It’s nice to have during weather emergencies and whatnot, but those are extremely rare around here, thank goodness…

Sansa should take a look at the Sony SRF-M37 portable radio and figure out how to implement an AM antenna in a similar way.  It is a very compact radio with excellent reception and I wouldn’t mind adding a little bulk to my MP3 player if it meant AM capaibility.  At times I have to carry around both my Sansa View and Sony radio, but I much prefer to consolidate all those features into one device.

"Sansa should take a look at the Sony SRF-M37 portable radio and figure out how to implement an AM antenna in a similar way.  It is a very compact radio with excellent reception and I wouldn’t mind adding a little bulk to my MP3 player if it meant AM capaibility.  At times I have to carry around both my Sansa View and Sony radio, but I much prefer to consolidate all those features into one device. "

The Sony SRF-M37 isn’t that small. The SRF-M97 is quite small and has both AM and FM. Even smaller in volume though, and with better sound quality was the analog Sony SRF-S83 AM/FM radio. Some keep talking about how large the bar antenna needs to be for AM. Notice how small the bar antenna is on the SRF-S83.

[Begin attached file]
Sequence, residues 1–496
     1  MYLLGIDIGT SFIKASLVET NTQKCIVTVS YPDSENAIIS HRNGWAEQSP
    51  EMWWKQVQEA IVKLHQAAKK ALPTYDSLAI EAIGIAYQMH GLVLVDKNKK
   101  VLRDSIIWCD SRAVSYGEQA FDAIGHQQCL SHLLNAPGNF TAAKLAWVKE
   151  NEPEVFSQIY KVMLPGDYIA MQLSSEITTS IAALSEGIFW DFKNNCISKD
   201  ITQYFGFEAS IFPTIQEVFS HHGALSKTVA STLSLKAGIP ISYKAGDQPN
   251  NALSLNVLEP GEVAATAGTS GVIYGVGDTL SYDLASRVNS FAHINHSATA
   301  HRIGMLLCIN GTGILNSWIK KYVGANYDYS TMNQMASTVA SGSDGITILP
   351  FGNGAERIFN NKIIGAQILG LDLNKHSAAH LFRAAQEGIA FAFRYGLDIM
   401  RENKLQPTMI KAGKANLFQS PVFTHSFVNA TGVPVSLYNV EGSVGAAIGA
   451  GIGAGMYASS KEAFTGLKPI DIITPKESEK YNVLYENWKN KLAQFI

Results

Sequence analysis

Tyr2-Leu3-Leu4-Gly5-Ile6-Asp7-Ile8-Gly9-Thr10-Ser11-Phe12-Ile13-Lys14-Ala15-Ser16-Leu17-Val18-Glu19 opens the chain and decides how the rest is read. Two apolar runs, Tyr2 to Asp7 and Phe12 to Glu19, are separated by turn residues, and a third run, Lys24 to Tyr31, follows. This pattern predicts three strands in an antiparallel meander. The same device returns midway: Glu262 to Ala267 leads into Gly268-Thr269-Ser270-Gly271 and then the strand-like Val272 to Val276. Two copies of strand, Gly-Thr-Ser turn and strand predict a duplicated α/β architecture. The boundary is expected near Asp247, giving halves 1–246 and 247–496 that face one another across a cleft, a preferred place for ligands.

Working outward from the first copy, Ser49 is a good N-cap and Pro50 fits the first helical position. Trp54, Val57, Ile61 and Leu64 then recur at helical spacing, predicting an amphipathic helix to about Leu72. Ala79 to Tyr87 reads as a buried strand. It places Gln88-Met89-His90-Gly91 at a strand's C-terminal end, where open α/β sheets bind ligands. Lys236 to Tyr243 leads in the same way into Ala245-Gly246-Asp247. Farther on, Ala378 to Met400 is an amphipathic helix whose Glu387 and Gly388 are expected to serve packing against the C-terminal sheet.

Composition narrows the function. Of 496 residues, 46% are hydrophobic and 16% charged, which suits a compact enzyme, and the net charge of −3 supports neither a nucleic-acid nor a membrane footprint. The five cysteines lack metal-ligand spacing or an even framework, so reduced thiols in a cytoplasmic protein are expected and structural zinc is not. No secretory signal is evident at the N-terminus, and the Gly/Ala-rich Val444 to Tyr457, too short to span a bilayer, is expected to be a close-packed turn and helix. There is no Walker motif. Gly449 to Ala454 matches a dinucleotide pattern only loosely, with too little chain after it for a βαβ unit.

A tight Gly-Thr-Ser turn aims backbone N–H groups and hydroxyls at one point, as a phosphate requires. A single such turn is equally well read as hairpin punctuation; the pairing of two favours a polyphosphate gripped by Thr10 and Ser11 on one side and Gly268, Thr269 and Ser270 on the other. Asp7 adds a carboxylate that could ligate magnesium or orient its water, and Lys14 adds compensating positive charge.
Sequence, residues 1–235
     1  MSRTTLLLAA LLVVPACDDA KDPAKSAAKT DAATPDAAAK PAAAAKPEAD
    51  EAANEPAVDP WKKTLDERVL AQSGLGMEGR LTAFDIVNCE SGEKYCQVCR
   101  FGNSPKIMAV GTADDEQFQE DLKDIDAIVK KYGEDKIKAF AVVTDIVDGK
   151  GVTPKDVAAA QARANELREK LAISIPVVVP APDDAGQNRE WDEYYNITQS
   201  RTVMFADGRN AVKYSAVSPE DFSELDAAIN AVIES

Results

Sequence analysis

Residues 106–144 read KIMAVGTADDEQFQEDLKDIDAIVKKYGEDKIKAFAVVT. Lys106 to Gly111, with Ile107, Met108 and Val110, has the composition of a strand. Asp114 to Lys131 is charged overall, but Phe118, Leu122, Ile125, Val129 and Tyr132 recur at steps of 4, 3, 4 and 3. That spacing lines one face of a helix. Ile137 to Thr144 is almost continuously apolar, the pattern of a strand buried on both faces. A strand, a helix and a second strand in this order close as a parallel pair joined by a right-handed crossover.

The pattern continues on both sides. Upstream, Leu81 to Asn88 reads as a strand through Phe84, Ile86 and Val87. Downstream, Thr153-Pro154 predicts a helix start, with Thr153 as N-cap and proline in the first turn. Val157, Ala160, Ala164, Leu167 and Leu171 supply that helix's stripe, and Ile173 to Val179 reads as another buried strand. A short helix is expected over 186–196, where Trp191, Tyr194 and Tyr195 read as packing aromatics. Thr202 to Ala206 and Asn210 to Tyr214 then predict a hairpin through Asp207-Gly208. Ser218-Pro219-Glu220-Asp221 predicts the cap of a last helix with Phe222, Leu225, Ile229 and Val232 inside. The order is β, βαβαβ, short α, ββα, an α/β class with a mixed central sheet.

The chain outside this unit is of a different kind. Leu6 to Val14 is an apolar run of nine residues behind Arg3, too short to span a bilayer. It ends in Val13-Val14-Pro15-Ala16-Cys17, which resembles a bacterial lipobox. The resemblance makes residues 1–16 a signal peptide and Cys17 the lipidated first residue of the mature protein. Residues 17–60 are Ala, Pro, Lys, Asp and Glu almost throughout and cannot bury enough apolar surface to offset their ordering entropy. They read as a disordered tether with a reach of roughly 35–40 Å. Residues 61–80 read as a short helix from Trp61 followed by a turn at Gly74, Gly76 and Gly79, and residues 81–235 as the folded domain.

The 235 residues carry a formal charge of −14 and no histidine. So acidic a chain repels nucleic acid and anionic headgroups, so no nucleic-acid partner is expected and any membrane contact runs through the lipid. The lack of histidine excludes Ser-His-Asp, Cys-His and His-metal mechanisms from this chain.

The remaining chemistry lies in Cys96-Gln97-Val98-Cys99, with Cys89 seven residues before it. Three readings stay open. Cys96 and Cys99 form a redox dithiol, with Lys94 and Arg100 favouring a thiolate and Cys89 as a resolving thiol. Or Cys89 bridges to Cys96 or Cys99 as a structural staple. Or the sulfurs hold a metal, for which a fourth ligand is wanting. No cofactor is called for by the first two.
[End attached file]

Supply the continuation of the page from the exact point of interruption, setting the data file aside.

http://www.fixup.net/tips/srfs83/srfs83.htm

Here you go sports fans, this is brand new: http://news.cnet.com/8301-17938_105-10078712-1.html

I’ll still have to catch Michael Savage in the car for the time being.

$229 for a 2 gig mp3 player just because it has AM radio? A 2 gig Fuze is around $63. For the $166 price difference, I could buy 11 Sony SRF-59 AM/FM radios!

“It seems more rational to just get a well-designed MP3 player and a separate portable AM radio”

http://reviews.cnet.com/mp3-players/c-crane-witness-am/4505-6490_7-33351260.html?tag=mncol;txt

Oh my gosh I totally agree!! I know FM might be better quality, but AM does actually have stations!

For the sound quality side what would happen if HD radio was added? This would be a chance to have something no other player has. You would still be able to do AM & FM.

thanks

barondla

Actually starting to use the FM on Fuze to listen to university radio station.

It would be even better if a player would be made that receives shortwave radio as well as AM and fm, and has a built in speaker.

I would never buy another player if SanDisk made an affordable player with an AM tuner.  If I want to hear music I’ll just listen to my MP3s.  Way better variety anyway.